I read a review of Han Kang’s The Vegetarian not so long ago, and was intrigued enough to pick it up. I read it all in one sitting–well, mostly, with only a short break to make and consume dinner with the Little Prince–and, when I had finished, felt as if my interior space, physical as well as psychic, had been violently pummeled and made larger by the experience. The writing, translated by Deborah Smith (who also translated Kang’s Human Acts) is stunning, simple, and incandescent.
The book centers on Yeong-hye, a young Korean wife who has a disturbing dream one night and consequently refuses to eat meat. But that’s a little like saying The Metamorphosis is about bugs. The Vegetarian is densely layered and extremely brutal in the way only true things can be.
The structure of the book is interesting–three interlinked novella-length sections, each told from a different point of view. The first is told Yeong-hye’s husband, the second by her brother-in-law, and the third by Yeong-hye’s sister In-hye. If that seems odd, you’re right–we are given almost nothing from Yeong-hye’s point of view except two very short passages that might or might not detail the “disturbing dream” that sets the entire book in motion. Those passages could be read as her husband Mr Cheong’s imagining what the dream might have been, and that’s only the first of several layers of contrasting interpretation, meaning, and allegory.
At first, The Vegetarian seems to be about the dissolution of Yeong-hye’s marriage, since she not only steadfastly refuses to eat meat but also to wear a bra. She simply Bartleby the Scriveners her way out of both things, simply, quietly refusing to ingest what she doesn’t want to or confine her breasts. Mr Cheong, having married her thinking she was absolutely ordinary Korean housewife material, is alternately ashamed of and infuriated by his inability to “control” her the way Korean society thinks he should and he has come to expect. Mirroring his fury is Yeong-hye’s father, who at one violent family dinner tries to assert a right over what his (until now passive and obedient) daughter will do with her body. Young-hye’s resistance is largely passive and turned inward–since patriarchal strictures hem her in so thoroughly, the only way she can opt out is through refusal and, eventually, self-harm.
The middle third of the book shifts to Yeong-hye’s brother-in-law, a visual artist who allows her sister In-hye to support him while he’s “blocked” creatively. He’s obsessed with using Yeong-hye’s body as a canvas for one of his works, and the attempt to do so destroys his marriage as well. Paradoxically, his obsession gives us an insight into what Yeong-hye might actually want, although in the following section, we find out she may have still been heavily medicated all during the interactions and thus robbed of even that small measure of consent or agency.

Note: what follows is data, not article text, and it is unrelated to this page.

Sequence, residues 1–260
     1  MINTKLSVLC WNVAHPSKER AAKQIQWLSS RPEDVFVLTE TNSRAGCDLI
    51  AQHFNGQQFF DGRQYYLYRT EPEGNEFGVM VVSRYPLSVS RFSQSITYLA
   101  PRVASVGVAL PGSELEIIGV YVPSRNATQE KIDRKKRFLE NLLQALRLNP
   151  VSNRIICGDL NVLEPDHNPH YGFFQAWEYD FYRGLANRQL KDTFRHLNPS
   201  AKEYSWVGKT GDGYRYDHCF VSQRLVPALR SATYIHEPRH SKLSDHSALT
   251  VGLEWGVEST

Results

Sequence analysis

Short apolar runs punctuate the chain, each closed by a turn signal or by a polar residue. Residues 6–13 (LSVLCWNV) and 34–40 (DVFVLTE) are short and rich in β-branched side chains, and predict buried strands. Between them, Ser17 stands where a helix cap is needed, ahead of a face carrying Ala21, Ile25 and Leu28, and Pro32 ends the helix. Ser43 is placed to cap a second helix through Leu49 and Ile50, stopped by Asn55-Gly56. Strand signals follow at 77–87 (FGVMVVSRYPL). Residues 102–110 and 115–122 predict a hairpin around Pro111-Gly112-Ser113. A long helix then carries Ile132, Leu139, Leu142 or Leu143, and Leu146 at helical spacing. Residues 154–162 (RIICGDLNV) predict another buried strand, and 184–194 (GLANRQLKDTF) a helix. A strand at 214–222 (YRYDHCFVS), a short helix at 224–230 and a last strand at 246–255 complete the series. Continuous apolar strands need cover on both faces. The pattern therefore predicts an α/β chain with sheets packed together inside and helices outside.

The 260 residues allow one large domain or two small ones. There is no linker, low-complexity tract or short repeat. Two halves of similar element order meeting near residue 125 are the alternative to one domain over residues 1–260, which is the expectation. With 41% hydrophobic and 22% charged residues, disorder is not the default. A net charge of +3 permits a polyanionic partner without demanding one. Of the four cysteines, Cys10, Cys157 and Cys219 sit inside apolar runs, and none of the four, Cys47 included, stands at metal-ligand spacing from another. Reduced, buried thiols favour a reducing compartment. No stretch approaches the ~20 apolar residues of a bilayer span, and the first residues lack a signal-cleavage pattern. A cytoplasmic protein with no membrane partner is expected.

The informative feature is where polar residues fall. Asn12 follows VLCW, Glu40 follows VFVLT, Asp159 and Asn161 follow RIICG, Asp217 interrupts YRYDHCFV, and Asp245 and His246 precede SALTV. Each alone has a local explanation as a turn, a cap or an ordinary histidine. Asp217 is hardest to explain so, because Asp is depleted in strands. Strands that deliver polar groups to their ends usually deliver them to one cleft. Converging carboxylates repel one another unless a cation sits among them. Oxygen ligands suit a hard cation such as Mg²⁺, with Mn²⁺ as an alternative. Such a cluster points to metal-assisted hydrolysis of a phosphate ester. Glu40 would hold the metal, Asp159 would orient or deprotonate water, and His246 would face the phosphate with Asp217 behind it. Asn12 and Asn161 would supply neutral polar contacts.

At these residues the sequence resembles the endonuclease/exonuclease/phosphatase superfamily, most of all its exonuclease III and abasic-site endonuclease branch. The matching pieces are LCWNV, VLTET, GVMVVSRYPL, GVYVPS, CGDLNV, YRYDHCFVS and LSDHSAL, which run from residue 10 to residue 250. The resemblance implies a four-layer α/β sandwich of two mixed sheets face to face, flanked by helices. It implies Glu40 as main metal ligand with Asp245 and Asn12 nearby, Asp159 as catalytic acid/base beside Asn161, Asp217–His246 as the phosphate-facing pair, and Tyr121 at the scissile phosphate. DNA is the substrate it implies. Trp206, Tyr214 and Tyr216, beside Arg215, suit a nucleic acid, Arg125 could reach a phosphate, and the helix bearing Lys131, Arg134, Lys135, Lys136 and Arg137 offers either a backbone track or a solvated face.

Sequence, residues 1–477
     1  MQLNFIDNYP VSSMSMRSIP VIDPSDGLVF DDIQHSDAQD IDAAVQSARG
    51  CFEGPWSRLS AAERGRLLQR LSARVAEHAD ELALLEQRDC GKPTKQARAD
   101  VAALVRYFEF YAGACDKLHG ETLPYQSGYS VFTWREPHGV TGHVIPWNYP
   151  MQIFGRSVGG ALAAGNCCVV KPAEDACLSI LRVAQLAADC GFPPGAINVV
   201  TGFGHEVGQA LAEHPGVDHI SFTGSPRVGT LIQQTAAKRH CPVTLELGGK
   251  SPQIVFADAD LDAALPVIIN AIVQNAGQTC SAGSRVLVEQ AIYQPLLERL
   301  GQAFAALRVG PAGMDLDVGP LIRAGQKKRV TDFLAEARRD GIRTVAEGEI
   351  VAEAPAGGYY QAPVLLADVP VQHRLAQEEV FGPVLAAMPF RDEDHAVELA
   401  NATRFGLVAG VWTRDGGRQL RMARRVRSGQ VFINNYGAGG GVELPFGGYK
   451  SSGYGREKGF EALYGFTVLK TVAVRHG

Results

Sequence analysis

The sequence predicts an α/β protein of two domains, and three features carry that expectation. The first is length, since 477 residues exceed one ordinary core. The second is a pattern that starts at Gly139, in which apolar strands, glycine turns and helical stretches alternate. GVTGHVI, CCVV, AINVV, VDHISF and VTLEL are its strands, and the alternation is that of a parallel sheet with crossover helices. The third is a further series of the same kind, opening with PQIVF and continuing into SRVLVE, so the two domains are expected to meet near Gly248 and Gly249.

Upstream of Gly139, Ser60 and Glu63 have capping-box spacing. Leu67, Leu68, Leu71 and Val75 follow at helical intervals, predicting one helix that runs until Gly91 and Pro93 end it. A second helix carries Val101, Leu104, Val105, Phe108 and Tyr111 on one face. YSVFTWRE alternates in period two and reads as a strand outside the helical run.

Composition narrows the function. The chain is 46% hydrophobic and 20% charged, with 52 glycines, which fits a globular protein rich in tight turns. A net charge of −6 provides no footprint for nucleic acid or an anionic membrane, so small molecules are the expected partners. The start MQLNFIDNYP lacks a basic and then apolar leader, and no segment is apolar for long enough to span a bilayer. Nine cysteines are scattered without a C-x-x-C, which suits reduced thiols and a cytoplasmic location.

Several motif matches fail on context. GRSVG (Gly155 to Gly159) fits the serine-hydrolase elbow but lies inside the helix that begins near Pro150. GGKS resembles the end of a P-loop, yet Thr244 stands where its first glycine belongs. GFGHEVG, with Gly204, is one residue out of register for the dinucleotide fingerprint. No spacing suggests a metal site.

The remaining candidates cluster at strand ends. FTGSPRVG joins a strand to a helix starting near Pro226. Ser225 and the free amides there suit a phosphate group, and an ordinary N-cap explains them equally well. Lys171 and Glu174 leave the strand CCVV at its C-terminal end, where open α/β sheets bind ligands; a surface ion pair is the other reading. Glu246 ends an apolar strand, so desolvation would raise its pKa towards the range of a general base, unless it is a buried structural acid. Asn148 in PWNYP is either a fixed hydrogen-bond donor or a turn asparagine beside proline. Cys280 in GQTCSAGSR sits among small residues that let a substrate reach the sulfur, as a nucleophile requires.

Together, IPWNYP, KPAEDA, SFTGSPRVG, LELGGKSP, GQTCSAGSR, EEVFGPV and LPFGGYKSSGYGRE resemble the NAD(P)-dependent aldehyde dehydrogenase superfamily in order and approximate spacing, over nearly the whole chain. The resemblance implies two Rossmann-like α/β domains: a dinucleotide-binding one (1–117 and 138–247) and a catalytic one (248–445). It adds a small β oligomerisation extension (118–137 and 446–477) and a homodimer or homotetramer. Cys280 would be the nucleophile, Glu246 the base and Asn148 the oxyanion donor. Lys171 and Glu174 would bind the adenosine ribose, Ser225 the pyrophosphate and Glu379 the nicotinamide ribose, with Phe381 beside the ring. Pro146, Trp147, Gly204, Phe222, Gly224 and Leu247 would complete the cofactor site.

The last third of the book is where everything is truly ripped open and The Vegetarian ascends to the level of a masterpiece. Everything leading up to it has been filtered through male perceptions and a patriarchal search for control of a female body, as well as the violence that ensues on several levels when said female body (not to mention the female owning it) refuses even tacitly. Yeong-hye’s sister visits her in a psychiatric hospital, and the unflinching examination of the stripping away of Yeong-hye’s bodily autonomy by the medical personnel is only part of the agonizing pain. In-hye has done everything “right” and been a model child, wife, and mother, and yet she’s in desperate agony. In-hye is forced to examine her relationship with her sister, the cruelty of their upbringing, and the pressures on women in Korean society. Wondering if her sister’s methods of coping with said cruelty and pressure are any better or less self-destructive than her own is a powerful question, one In-hye can barely bring herself to articulate, much less face.
The complexity of In-hye’s emotions around the caretaking of her sister and her son, the utter betrayal of her husband, and the emotional labor she performs for her family, all hit me right in the solar plexus. Realizing, once I had finished, that I had identified so thoroughly with In-hye that I had come to regard her sister as a symbol just as Mr Cheong and In-hye’s husband had was a nasty shock. Colluding in the strictures that attempt to rob women of bodily autonomy is almost impossible to avoid in most of the world, and Kang deftly performs the almost-impossible trick of implicating everyone, even the reader, in the violence of trying to make Yeong-hye conform. Not only that, but the allegory of the pressures on women in Korean society is so stunning that it also eclipses her, implicating the reader even more thoroughly.
I suspect I have not done this book half the justice I want to. It went straight back on my to-be-read pile for another go once my head has cleared, which is not at all usual. I feel like I have to go back and reread, maybe to try and find Yeong-hye under all the differing perceptions of her, maybe just to marvel at the sheer effortlessness with which Kang piles on and pulls away different layers of meaning. I also want to find Kang’s other work and devour it whole, which will either have to be through interlibrary loan or maybe selling some plasma to pad out my book budget next month.
TL;DR: Simply amazing, completely savage, and well worth buying in hardcover.